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Churches shouldn’t wait to have end-of-life talks


Three years ago, in response to your requests, we launched a series called “Blessed be the Caregivers.” We talked to countless Christians who sacrifice their time and resources to be Jesus to the aging and the disabled among us.

Many of you shared stories of the difficult but necessary conversations you’ve had with your families about end-of-life issues. We appreciate your honesty and forthrightness.

Now we must have those same, difficult conversations with our churches.


Related: Can Churches of Christ be saved?


Our Page 1 coverage, part of our “Big Questions” series, asks “Can Churches of Christ be saved?” We tell the stories of three congregations — one thriving, but two others dying. We know there are thousands more across the U.S. in danger of closing.

Churches, like people, have life cycles. Some survive well past 100 years. Some revive. We’ve written about many of these churches and want to share more. Please send us your church’s stories of renewal.

But we know that many congregations do not revive. Mike O’Neal, board chair of the Heritage 21 Foundation, warns of “an avalanche of congregations whose life-cycle is nearing the end but who are woefully unprepared.” The foundation is one ministry mentioned in this month’s coverage that is dedicated to helping dying churches.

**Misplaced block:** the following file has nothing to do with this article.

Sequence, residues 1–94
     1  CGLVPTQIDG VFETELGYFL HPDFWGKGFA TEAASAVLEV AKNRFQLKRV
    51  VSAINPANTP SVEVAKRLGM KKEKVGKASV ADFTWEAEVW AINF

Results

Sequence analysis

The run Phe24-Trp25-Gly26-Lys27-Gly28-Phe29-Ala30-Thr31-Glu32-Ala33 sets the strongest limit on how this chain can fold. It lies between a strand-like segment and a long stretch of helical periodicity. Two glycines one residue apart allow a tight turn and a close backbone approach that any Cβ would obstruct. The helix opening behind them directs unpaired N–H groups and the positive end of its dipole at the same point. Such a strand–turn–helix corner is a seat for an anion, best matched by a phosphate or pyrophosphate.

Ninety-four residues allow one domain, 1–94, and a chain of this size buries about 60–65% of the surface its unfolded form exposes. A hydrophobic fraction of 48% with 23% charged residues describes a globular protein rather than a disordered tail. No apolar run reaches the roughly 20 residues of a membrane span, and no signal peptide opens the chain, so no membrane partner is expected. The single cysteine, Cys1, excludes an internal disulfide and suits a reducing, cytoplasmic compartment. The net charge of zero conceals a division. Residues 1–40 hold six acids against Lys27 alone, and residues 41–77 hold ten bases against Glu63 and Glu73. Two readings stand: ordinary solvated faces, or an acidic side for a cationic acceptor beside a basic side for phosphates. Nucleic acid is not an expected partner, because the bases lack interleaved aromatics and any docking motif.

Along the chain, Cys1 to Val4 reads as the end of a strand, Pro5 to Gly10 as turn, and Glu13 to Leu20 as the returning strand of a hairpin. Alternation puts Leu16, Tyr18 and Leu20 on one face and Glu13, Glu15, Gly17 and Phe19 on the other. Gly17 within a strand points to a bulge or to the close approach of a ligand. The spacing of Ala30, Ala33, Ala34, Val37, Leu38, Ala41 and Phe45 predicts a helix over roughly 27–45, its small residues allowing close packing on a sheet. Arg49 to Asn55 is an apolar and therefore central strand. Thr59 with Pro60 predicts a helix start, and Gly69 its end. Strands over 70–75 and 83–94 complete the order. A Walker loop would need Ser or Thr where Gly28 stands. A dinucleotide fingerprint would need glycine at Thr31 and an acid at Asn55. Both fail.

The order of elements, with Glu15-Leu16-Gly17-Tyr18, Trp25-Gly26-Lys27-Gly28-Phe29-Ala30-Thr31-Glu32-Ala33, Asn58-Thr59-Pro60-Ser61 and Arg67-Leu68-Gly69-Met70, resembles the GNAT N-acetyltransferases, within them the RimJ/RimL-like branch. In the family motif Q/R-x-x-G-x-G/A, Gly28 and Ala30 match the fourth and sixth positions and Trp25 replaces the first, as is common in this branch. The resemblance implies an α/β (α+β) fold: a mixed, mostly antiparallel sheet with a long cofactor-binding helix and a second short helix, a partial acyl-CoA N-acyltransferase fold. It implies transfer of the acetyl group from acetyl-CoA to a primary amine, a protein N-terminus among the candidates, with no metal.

“The tragedy unfolding in our fellowship is not that congregations are reaching the end of their life-cycle. It is clear from Ecclesiastes that sometimes it is ‘time to die.’ What is tragic is that many congregations are doing so without dignity and good stewardship.”

“The all-too-frequent outcome of declining congregations is that resources that could be used for church planting and other kingdom purposes are often just deteriorating or are being taken over by other groups with a different spiritual ethos or are being sold and the proceeds being used illegally for personal purposes,” says O’Neal, who also serves on this publication’s board of trustees.

“If there is any message we want our brotherhood to hear,” O’Neal says, “it is that all congregations, particularly those with 100 or fewer members, need to take preventive action while decision-making is less emotional and all options can be evaluated objectively and in view of what is best for the Lord’s kingdom.

“The tragedy unfolding in our fellowship is not that congregations are reaching the end of their life-cycle. It is clear from Ecclesiastes that sometimes it is ‘time to die.’ What is tragic is that many congregations are doing so without dignity and good stewardship.”

It’s too easy for us to close our ears to this message or to lash out in anger and indignity at the messenger.

That won’t change anything or bless anyone.

Can Churches of Christ be saved? Of course. With God all things are possible. Let us do what we can with what we have to provide for a divine legacy.

Filed under: Big Questions Church decline Churches of Christ Editorial Opinion

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